Working in Cologne without speaking German

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I've just moved to Cologne to start teaching english. Anyone else who has tried this knows how slow this can be so I'm looking for some other work while I'm waiting. Problem is I don't speak German and I'm being really lazy about learning, what kind of work can I do where my lack of German won't be a problem? I need to start making some money...

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um Irish Pub?

 

Or maybe a few job agencies but I imagine they would like you to speak some German.

 

Have you tried advertising for private lessons to keep yourself going?

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If you have teaching experience then contact the Volkshochschule, or if you have little experience you could talk to some language schools, such as Berlitz.

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I know there is one school looking now in Cologne but being useless I forget which one.

 

If you haven´t already, try the following:

Carl Duisberg Centren, (221) 1626 258 http://www. cdc.de

Context Sprachendienste (221) 925 45 612 http://www. contextinc.com

Academy of European Languages (228) 24 25 840

English Training Consulting (221) 912 49550 http://etc-cologne.de

Englisches Institut Köln (221) 257 82 74 http://englsiches-institut-koeln.de

Team for Business English (221) 400 9677

(from my teaching English bible - apols if you already have tried all these)

 

Good luck! And in the meantime, try your luck at an Irish bar or maybe the international school in Bonn, until the teaching work comes through.

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Hello Everyone,

 

I run the Teachers in Germany website which Rebecca mentioned (thanks for the plug, Rebecca!).

 

Membership to the site does require that one post a CV summary but this only includes some general information about experience, educational qualifications, German speaking ability, as well as where and when you would like work.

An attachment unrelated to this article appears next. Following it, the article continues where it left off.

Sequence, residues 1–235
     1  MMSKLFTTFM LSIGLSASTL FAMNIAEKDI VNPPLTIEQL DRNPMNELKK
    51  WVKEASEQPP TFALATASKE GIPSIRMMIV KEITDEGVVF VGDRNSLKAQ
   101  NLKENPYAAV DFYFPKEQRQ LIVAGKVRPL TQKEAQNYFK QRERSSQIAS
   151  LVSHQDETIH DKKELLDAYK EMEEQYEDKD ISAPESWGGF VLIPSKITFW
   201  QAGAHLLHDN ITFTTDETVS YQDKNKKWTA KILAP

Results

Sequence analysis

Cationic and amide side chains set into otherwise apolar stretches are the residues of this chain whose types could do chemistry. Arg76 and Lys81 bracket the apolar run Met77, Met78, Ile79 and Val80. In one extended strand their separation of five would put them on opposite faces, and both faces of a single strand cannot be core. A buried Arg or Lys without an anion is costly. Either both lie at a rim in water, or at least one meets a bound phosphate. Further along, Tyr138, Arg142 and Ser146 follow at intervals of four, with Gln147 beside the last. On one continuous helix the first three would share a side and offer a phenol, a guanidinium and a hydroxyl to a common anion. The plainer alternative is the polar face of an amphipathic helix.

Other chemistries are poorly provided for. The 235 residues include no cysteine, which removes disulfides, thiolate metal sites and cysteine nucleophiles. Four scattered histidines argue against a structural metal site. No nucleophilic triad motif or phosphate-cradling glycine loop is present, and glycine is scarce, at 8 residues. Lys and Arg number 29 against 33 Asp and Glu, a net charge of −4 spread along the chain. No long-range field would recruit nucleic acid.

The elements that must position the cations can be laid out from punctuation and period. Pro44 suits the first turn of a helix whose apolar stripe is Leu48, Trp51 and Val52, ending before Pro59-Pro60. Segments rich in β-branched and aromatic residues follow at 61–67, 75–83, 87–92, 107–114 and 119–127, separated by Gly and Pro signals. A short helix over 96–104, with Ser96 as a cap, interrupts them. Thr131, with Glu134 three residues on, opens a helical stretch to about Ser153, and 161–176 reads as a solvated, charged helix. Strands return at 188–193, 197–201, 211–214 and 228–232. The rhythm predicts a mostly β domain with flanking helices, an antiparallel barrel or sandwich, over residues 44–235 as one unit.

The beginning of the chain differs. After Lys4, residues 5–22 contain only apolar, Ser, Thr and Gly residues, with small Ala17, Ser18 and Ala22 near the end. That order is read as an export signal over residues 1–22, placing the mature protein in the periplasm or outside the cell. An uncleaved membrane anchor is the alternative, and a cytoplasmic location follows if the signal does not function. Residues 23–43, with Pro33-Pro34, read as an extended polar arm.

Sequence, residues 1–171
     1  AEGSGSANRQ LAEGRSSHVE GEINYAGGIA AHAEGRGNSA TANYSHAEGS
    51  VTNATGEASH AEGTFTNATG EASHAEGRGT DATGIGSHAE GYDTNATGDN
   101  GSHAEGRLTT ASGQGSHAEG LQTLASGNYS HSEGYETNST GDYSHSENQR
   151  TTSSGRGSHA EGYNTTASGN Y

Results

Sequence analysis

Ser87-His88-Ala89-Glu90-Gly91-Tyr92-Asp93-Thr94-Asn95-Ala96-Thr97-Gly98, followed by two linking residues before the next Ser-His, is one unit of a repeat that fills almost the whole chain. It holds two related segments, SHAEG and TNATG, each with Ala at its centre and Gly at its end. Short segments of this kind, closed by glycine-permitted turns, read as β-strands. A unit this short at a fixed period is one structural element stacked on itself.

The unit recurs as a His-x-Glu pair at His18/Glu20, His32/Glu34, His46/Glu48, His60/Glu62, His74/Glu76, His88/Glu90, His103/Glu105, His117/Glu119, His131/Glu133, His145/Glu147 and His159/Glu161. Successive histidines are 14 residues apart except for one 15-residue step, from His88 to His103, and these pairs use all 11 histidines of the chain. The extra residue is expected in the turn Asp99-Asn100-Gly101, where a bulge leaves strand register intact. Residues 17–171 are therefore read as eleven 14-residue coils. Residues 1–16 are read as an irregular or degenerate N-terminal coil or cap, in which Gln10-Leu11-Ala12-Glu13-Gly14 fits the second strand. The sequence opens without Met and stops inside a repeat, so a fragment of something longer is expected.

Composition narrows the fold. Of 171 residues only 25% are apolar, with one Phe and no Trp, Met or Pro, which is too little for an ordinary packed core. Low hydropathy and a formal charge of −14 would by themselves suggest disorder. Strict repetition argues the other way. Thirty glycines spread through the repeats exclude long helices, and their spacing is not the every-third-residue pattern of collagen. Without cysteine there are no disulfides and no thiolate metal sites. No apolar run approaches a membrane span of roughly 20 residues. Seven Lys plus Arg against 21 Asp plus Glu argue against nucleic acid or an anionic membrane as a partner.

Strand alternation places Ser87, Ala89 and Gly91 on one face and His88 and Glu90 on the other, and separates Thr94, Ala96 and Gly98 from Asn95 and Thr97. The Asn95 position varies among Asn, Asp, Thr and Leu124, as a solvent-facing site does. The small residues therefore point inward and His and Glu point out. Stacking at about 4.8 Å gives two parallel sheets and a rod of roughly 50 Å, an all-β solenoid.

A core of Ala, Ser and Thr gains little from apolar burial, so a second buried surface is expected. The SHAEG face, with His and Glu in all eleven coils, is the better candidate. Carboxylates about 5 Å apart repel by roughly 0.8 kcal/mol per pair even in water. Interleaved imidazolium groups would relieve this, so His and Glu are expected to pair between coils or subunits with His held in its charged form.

Ideally one should have some teaching experience (preferably in Germany), be able to speak some German and have a university degree. As well, a TEFL/TESOL/CELTA qualification would be advisable.

 

The website project is aimed at qualified freelance English teachers who live in Germany and language schools which hire freelancers as a connecting point for jobs and peer-to-peer networking.

 

For those people living in Germany who wish to work as a freelance English teacher and, who don't speak German, the best route for work would be the franchise schools such as inlingua, Berlitz, Benedict and Sprachcaffe. I believe Berlitz require a degree but I'm not sure how firm they are on that point.

 

Most others would like or require the teacher to be able to speak some German. Beginning teachers do have to work their way up from the bottom level as regards preferable workplace and pay rates so if you're serious about wanting to teach and have just arrived I think you'd have an easier time of it if you went round to the franchise schools. They don't pay well at all but as in most professions, beginners begin at the bottom and must work their way up.

 

I'm not sure what it means that you are "waiting for the teaching to come through" but I'm assuming that you are having some difficulty in finding teaching work because of your lack of German or experience in teaching. (?)

 

I would seriously encourage you to overcome your "laziness" about learning German because being able to speak the language will greatly enhance your chances in finding work as well as improve your experience of living in Germany. From a personal perspective, I believe we have more credibility as language teachers if we've learned another language ourselves and German would be the language of choice in Germany.

 

If you don't have a TEFL qualification, acquiring one (especially if you are a beginner) should be the next item in your plan.

 

Cheers and Good Luck! :)

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Boo,

 

When I started teaching in Bonn 9 years ago there were some schools who let teachers sit in on German classes which had space. I did this for a year which is how I started learning the language. I really don't know if any schools are still doing this but its always worth asking.

 

Diana,

 

Welcome to the Britboard.

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Can anyone suggest a place to get Celta certification in Germany (preferably in a location that also has a good job market to transition into)? I'm thinking southern Germany??? Thanks!

William

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Cambridge maintain a list of places which offer the CELTA here.

 

Germany's CELTA centres can be found here.

 

There is one for Munich here.

 

The one in Munich isn't offered as frequently as the ones offered in Hamburg and Berlin.

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Hi Rebecca,